The choice facing Minnesota's movie theaters is clear. Rewire or retire.

The whirring mechanical equipment that has projected films for the past century is about to go extinct. Taking its place is a suitcase-sized digital system that costs $70,000 to $85,000, four times as much as a mechanical projector.

By the end of 2013, the six major studios will release new titles in digital format only. There will simply be no new 35-millimeter studio releases to project.

With every revolution comes some bloodshed. The extensive, expensive task of going digital means that many small theaters and some chains will fall victim to changing times and technologies. Some industry observers estimate that Americans will lose one-fifth of their cinemas, about 10,000 screens. John Fithian, president of The National Association of Theatre Owners puts it bluntly: "Convert or die."

The cost of outfitting 15 screens with all new digital equipment was among the complex of issues facing the 10-year-old AMC Block E. Minneapolis' only downtown movie theater will close in September.

This is probably the final summer for the Cottage View, one of the last two drive-in theaters in the Twin Cities. Steven Mann, whose locally based theater company operates the Cottage Grove landmark, said he doesn't plan to retool it.

Mann completed work on the St. Louis Park 6, the last of his complexes to go digital, in early August. The tab for converting his 10-theater chain was a daunting $4 million. And it won't bring in additional revenue at the box office, he said.

Joe Minjares, owner of the Parkway Theater in south Minneapolis, is caught in the now-or-never squeeze and uncertain about the future.

"I'm at a loss," he said. "The economy being what it is, getting any kind of funding is difficult. Maybe we can get vault prints from the studios and show old movies, but I'm not sure what the market is for that."

Savings go to the studios

The push for digital began five years ago with the new wave of 3-D movies, gained momentum with the success of 2009's digitally filmed blockbuster "Avatar," and now has taken on the momentum of a tsunami.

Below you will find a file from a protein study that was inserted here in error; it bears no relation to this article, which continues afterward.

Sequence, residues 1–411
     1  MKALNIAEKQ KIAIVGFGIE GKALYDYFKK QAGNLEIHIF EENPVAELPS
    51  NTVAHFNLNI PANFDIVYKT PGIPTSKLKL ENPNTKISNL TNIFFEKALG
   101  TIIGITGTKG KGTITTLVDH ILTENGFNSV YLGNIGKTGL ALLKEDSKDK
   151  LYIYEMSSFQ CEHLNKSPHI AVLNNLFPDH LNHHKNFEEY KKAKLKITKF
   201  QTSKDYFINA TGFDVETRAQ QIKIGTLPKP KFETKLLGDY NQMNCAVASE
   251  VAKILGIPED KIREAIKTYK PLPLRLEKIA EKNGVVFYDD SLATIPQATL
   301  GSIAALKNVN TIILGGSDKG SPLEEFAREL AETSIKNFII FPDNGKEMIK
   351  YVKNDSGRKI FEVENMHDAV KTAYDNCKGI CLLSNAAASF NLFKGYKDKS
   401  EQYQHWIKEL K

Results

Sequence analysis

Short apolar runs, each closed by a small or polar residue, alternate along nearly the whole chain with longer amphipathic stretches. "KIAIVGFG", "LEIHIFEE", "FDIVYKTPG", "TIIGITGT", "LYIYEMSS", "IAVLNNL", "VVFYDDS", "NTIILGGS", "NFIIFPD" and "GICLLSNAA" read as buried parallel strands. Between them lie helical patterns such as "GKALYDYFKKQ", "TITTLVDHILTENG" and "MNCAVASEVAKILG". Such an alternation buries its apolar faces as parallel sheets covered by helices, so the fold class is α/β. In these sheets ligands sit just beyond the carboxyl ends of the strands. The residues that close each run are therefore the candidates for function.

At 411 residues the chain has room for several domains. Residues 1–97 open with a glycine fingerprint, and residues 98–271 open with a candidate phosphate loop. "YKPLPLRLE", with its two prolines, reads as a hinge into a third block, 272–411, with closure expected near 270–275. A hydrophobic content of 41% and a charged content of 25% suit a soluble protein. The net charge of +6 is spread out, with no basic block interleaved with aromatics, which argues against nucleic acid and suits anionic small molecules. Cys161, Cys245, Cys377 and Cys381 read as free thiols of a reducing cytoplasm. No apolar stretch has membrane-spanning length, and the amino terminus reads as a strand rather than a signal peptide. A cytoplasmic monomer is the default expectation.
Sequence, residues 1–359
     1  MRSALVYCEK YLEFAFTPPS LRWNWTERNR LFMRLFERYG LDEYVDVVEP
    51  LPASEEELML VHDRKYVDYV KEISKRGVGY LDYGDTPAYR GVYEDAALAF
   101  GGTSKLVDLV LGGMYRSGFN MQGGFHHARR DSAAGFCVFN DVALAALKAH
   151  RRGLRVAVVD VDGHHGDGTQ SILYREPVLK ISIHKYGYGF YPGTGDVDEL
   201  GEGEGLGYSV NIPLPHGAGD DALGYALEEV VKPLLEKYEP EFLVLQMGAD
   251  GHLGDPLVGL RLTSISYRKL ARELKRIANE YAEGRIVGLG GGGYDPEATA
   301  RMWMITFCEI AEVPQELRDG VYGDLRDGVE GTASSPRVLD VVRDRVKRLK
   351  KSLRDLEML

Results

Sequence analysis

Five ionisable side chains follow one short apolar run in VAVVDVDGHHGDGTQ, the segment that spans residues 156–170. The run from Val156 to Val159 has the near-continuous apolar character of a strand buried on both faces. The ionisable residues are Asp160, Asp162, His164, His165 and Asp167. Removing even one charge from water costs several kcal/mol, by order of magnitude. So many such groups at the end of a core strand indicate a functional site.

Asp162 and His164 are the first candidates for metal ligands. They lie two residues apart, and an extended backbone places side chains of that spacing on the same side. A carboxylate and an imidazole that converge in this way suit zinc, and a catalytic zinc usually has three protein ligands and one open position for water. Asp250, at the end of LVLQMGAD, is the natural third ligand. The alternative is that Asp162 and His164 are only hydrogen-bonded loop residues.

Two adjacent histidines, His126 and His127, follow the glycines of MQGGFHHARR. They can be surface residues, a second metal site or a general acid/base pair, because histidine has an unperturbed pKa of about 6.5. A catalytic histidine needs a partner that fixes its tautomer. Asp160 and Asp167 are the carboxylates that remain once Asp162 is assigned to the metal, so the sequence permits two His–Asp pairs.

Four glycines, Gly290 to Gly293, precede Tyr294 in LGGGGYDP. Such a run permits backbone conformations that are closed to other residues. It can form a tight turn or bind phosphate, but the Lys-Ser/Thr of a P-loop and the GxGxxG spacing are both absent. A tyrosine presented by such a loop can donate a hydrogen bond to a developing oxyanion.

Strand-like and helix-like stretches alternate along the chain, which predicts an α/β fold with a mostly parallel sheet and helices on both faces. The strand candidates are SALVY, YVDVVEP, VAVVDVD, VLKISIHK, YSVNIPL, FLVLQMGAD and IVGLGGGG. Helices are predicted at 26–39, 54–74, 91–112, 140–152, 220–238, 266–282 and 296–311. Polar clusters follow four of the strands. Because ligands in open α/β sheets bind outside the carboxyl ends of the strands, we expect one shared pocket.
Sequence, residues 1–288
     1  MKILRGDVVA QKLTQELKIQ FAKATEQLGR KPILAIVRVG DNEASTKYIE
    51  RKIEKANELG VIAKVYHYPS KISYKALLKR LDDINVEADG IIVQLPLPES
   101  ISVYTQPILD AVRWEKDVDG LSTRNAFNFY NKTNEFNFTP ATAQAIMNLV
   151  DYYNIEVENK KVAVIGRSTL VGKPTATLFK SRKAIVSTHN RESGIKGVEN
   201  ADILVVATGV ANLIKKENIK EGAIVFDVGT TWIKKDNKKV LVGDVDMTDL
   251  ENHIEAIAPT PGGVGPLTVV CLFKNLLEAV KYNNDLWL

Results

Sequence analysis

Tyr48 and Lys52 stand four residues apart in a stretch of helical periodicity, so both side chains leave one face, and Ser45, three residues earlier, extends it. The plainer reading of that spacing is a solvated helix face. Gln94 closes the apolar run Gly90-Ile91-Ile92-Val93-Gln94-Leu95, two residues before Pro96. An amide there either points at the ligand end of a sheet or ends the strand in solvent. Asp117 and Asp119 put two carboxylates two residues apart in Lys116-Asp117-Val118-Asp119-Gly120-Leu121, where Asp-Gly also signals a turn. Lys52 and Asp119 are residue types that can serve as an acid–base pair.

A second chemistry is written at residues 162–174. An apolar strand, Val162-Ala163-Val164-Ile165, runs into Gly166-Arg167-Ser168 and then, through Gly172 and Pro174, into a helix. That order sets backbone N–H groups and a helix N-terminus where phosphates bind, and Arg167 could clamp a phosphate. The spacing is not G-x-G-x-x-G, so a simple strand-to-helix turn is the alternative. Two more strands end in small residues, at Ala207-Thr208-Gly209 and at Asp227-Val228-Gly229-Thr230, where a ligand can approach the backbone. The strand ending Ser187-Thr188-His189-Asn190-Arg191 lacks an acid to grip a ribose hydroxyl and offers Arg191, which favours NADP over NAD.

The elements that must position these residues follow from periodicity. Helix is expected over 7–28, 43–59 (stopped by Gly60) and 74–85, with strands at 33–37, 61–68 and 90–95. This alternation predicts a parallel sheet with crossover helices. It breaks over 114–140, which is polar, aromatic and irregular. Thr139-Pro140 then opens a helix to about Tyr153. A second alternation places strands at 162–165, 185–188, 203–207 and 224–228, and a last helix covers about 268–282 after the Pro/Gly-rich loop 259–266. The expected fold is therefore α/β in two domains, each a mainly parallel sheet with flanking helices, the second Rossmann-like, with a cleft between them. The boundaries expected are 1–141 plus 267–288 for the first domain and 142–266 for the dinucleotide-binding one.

Underscoring celluloid's imminent demise, the home of the Academy Awards, once called the Kodak Theatre, was renamed the Dolby Theatre in May following the film manufacturer's bankruptcy.

Digital brings subtle improvements -- brighter projection, no more scratches or blemishes on the image, no melting film to stop the movie -- but the average consumer won't notice much difference in presentation quality.

Cost-focused film studios pushed the conversion process. By one estimate, studios spend $850 million a year making film prints and $450 million getting them to theaters. Studios were eager to stop delivering 80-pound canisters of perishable celluloid in favor of hard drives the size of a paperback book that cost about $100 to ship. Digital distribution also offers anti-piracy controls to keep films from being copied and sold illegally.

"It's always been about the studio. For the typical film, digital is neither necessary nor desirable," said Ted Mundorff, president of Landmark Theatres, the nation's largest independent chain.

Part of the sales pitch has been the promise that exhibitors could use the new gear to present video programming. "Maybe you broadcast the Academy Awards, the NCAA basketball tournament, the World Series," Mundorff said. "But it won't outweigh the cost. I can show a lot of NCAA and still not make up for a $350,000 conversion" for a multi-screen theater.

While studios offer financing agreements to defray a portion of the changeover expenses, "they really don't care if single-screen theaters go away," said Tom Letness, owner of the Heights Theatre. The 86-year-old Columbia Heights showplace, with its vintage Beaux Arts décor and Wurlitzer organ, is the Twin Cities' longest continuously operated cinema. Letness recently converted to digital, but he doubts the new systems will last more than 50 years, like some of his classic reel-to-reel machines.